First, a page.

FA:I’d like to focus a bit on post publication. Did this change over time, between the first and second wave? My understanding, for example, is that you’d give the author a set number of copies, and then you would give chapbooks away during your travels? Did you mail any out, as well? How many copies would you keep for your personal archive?

GS:By this time, I was wiser, older and not nearly the blabber mouth who read his work at the Reno Club, circa 1978.  I was no longer the angry young vato who answered someone’s question “What has been your contribution to Chicano Literature?” by retorting, “I’m the first Chicano to write in complete sentences!”  No, my generation had mellowed, I had mellowed.  I had grey in my hair.  Moreover, in selecting manuscripts, I had criteria: you had to be under the age of 35 and a college graduate.  (The college graduate part kept amateurish writers from sending in manuscripts).  I hired Rhode Montijo, a cartoonist and truly good guy, to the do the covers of these new chapbooks—they rocked.  Each printing was done in 300 copies, of which the poet or writer got 50 copies.  I distributed them to high school or college students—that is, when I went about doing my own poetry readings I could hand them out.  I was Johnny Appleseed spreading the good news.  I also sent them to a lot of veteran writers—Sandra Cisneros, Denise Chavez, etc.  However, after fourteen or so chapbooks, I got tired.  I stopped doing them after three years.  I don’t regret this decision as I think the young generation of Chicanos (Latinos) has a greater access to publishing.  Oh, sure, there will be such grumbling as that “stupid gabacho publisher wants me to write like him, etc.”  That’s natural.  Can you imagine a world where every poem or story is put into print?  God, we would swim through leaves of pages to get to ours. I have a couple of complete sets.  The Chicano Studies Library at Berkeley has a complete set of at least the second wave.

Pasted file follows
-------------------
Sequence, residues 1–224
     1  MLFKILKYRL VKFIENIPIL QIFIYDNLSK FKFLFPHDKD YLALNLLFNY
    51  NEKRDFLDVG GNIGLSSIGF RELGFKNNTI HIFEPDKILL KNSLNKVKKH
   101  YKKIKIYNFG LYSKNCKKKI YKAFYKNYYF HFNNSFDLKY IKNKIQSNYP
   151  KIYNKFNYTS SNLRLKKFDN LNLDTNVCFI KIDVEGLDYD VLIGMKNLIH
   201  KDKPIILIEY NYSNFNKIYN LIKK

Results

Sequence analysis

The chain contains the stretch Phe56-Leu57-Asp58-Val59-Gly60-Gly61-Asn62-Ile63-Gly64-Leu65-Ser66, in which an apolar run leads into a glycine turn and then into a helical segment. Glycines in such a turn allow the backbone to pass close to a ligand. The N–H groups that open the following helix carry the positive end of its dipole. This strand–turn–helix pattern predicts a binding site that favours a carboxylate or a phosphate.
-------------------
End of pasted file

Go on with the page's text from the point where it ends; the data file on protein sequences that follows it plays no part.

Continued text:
FA:When Richard Yañez and I, a few years ago, attempted to take on the project of editing an anthology based on the Chicano Chapbook Series, one of the challenges we faced was the one of gender balance. Looking back at the Series, one can’t help but notice how outnumbered the women are. Could you comment a bit on this?